C-Reactive Protein (CRP) Quantitative

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Test Description

The C-reactive protein (CRP) test is used by a health practitioner to detect inflammation. CRP is an acute phase reactant, a protein made by the liver and released into the blood within a few hours after tissue injury, the start of an infection, or other cause of inflammation. The CRP test is not diagnostic of any condition, but it can be used together with signs and symptoms and other tests to evaluate an individual for an acute or chronic inflammatory condition. For example, CRP may be used to detect or monitor significant inflammation in an individual who is suspected of having an acute condition, such as: A serious bacterial infection like sepsis A fungal infection Pelvic inflammatory disease (PID) The CRP test is useful in monitoring people with chronic inflammatory conditions to detect flare-ups and/or to determine if treatment is effective. Some examples include: Inflammatory bowel disease Some forms of arthritis Autoimmune diseases, such as lupus or vasculitis CRP may sometimes be ordered along with an erythrocyte sedimentation rate (ESR), another test that detects inflammation. While the CRP test is not specific enough to diagnose a particular disease, it does serve as a general marker for infection and inflammation, thus alerting health practitioners that further testing and treatment may be necessary. Depending on the suspected cause, a number of other tests may be performed to identify the source of inflammation.

It may be ordered, for example, when a newborn shows signs of infection or when an individual has symptoms of sepsis, such as fever, chills, and rapid breathing and heart rate. 

It may also be ordered on a regular basis to monitor conditions such as rheumatoid arthritis and lupus and is often repeated at intervals to determine whether treatment is effective. This is particularly useful for inflammation problems since CRP levels drop as inflammation subsides. 

C-reactive protein levels are measured via a blood test. There are two tests for elevated CRP. One can show a non-specific elevation of CRP that occurs with general inflammatory changes in the body. The other test, hs-CRP, is a measure of inflammation in blood vessels. This is the test needed to help establish heart disease risk. 

In evaluating cardiac risk, physicians look at a very narrow range of C-reactive protein levels, from zero to 3. 0 and above. This requires a special test called high-sensitivity C-reactive protein (hs-CRP), which may be able to reveal inflammation at the micro-vascular level. If this test shows that CRP is less than 1. 0 mg per liter of blood, the risk of heart disease is considered low; if it is between 1. 0 and 3. 0, the risk is average; and if it is above 3. 0, the risk is deemed high.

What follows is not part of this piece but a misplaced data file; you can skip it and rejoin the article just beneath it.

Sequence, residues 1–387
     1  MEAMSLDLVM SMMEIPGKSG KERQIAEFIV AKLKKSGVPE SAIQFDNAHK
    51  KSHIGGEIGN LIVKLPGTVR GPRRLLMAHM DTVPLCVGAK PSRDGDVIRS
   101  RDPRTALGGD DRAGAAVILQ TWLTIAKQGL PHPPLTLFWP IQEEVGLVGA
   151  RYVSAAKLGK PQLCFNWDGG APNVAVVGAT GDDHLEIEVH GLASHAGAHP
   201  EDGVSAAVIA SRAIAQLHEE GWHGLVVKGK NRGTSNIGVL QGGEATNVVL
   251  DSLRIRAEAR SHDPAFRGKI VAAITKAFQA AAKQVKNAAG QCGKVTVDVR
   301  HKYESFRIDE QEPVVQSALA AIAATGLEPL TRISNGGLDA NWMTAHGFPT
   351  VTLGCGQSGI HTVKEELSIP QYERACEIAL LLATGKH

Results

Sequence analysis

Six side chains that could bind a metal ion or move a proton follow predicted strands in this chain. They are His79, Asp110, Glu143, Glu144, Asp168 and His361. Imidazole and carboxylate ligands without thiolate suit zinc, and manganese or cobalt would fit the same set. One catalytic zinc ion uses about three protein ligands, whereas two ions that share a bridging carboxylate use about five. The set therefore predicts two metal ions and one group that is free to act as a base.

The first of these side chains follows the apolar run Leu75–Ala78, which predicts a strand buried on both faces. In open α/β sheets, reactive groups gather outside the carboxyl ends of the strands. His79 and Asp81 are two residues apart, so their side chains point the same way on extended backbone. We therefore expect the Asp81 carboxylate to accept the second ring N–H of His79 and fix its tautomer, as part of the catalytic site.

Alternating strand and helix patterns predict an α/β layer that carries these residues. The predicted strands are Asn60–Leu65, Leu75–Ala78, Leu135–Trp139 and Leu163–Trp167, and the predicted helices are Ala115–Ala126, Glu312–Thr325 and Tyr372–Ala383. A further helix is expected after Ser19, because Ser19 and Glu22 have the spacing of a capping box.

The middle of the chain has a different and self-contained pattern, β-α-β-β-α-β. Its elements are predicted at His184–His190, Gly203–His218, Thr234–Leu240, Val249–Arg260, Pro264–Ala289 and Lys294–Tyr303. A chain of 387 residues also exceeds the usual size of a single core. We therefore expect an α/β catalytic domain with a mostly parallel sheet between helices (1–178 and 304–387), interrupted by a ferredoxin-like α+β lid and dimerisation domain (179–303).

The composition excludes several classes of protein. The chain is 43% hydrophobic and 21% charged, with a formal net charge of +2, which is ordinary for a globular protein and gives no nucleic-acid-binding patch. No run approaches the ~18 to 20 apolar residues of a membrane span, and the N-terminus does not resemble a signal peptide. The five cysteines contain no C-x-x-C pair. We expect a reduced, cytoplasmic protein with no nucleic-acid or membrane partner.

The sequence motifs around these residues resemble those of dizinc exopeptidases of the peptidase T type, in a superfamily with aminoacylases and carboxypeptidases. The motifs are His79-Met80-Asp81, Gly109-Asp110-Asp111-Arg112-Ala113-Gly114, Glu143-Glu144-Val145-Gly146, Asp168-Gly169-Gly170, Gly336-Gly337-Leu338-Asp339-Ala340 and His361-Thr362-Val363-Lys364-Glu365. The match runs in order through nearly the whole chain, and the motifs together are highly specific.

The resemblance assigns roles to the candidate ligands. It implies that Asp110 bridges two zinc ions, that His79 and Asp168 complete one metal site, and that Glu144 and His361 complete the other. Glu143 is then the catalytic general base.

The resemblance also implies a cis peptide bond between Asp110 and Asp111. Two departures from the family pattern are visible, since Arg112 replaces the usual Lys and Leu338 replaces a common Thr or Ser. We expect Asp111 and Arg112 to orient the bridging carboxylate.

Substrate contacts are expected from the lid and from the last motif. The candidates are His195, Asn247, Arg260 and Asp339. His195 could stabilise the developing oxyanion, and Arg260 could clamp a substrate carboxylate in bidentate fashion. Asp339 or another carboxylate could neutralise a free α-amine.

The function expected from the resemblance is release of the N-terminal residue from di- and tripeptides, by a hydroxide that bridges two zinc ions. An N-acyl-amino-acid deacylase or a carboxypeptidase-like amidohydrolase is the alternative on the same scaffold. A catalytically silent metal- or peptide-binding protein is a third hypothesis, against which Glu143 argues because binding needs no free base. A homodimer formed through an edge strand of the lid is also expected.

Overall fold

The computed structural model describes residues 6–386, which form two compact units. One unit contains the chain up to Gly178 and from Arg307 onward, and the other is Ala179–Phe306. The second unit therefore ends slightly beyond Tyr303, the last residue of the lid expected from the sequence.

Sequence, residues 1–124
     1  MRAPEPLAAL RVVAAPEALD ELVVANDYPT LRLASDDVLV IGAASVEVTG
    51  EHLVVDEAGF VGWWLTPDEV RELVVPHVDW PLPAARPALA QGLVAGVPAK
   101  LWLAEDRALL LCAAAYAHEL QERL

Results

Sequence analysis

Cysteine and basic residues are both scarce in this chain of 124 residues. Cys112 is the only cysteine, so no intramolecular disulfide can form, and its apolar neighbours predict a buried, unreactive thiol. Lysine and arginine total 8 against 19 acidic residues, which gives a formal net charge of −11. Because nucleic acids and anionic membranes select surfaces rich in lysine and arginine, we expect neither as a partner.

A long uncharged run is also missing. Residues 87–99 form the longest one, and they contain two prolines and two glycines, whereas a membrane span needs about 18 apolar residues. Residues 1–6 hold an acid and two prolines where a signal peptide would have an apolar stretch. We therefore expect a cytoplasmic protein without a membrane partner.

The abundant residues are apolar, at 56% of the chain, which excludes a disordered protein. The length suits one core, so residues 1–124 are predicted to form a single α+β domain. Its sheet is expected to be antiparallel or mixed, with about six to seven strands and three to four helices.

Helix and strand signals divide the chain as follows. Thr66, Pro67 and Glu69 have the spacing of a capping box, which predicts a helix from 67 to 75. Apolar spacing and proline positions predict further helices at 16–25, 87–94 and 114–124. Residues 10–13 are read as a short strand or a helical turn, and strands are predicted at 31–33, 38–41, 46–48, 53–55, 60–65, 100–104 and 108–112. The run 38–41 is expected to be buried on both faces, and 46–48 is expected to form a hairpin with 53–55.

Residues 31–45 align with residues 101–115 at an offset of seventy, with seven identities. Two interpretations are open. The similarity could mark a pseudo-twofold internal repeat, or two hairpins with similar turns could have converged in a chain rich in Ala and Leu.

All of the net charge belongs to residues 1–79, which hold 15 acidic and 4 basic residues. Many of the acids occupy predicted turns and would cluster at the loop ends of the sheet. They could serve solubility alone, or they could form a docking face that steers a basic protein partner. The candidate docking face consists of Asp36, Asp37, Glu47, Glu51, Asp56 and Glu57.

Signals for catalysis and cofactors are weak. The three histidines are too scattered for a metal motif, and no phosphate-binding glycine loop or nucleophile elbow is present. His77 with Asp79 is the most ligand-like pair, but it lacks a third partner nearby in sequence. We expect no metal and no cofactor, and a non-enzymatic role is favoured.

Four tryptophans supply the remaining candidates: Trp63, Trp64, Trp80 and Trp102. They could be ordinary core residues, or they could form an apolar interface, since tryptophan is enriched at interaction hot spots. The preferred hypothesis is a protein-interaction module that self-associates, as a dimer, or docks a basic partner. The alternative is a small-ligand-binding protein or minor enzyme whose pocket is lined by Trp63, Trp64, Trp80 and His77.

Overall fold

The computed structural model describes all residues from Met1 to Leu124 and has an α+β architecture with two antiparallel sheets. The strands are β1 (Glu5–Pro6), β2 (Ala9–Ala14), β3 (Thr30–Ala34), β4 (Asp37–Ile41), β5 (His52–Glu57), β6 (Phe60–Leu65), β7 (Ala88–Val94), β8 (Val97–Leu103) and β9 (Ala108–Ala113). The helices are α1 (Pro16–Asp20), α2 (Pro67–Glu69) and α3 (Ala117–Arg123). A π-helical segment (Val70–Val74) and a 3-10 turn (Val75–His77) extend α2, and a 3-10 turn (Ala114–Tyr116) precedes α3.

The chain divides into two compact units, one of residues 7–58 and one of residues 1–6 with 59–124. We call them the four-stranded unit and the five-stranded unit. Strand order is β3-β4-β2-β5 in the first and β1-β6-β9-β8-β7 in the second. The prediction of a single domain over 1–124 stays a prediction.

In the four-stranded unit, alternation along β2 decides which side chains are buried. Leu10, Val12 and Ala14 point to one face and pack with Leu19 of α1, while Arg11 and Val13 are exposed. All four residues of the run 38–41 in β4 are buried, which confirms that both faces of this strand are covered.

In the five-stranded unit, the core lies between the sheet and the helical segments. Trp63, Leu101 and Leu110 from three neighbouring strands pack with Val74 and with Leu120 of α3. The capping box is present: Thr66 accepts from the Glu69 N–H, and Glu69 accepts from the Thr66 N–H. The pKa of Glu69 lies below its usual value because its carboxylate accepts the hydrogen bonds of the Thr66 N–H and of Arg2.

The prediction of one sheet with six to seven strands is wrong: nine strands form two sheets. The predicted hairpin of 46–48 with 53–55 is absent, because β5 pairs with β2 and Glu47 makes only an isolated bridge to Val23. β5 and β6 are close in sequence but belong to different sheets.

An anti-inflammatory diet that includes two to three servings of fish such as salmon or sardines per week. If you don't eat fish, he suggests taking fish oil supplements. He also recommends taking anti-inflammatory herbs including ginger and turmeric and following your doctor's recommendations for heart health. That means quitting smoking, watching your diet (particularly avoid foods that predominantly consist of flour and/or sugar), and getting regular exercise: research indicates that as fitness levels decline, C-reactive protein levels go up.

Test Method 1 : The health professional taking a sample of your blood will: 

 

Wrap an elastic band around your upper arm to stop the flow of blood. This makes the veins below the band larger so it is easier to put a needle into the vein. 

Clean the needle site with alcohol. 

Put the needle into the vein. More than one needle stick may be needed. 

Attach a tube to the needle to fill it with blood. 

Remove the band from your arm when enough blood is collected. 

Put a gauze pad or cotton ball over the needle site as the needle is removed. 

Put pressure on the site and then put on a bandage. 

Report available : Turn around for the C-Reactive Protein Quantitative test is typically 1 business day. 

Conventional physicians may prescribe the same (statin) drugs used to lower LDL cholesterol to also lower levels of CRP. In addition, they will typically recommend exercise and weight loss where appropriate, since both can help lower CRP levels. In general, conventional physicians recommend the same lifestyle changes shown to reduce heart disease _ diet, exercise, not smoking, drinking less alcohol, following a heart-healthy diet _ to lower elevated C-reactive protein levels. 

The persons have the following signs and symptom:    It may be ordered, for example, when a newborn shows signs of infection or when an individual has symptoms of sepsis, such as fever, chills, and rapid breathing and heart rate. 

 

It may also be ordered on a regular basis to monitor conditions such as rheumatoid arthritis and lupus and is often repeated at intervals to determine whether treatment is effective. This is particularly useful for inflammation problems since CRP levels drop as inflammation subsides. 

Gender : Mainly occurs in men and women. 

Age : Mainly occurs at the age of 40 to 65. 

Socio Geographic : It is predominant all over the world. 

Heart, joints
Cancer, Cardiovascular disease, Infection, Rheumatoid arthritis, Lupus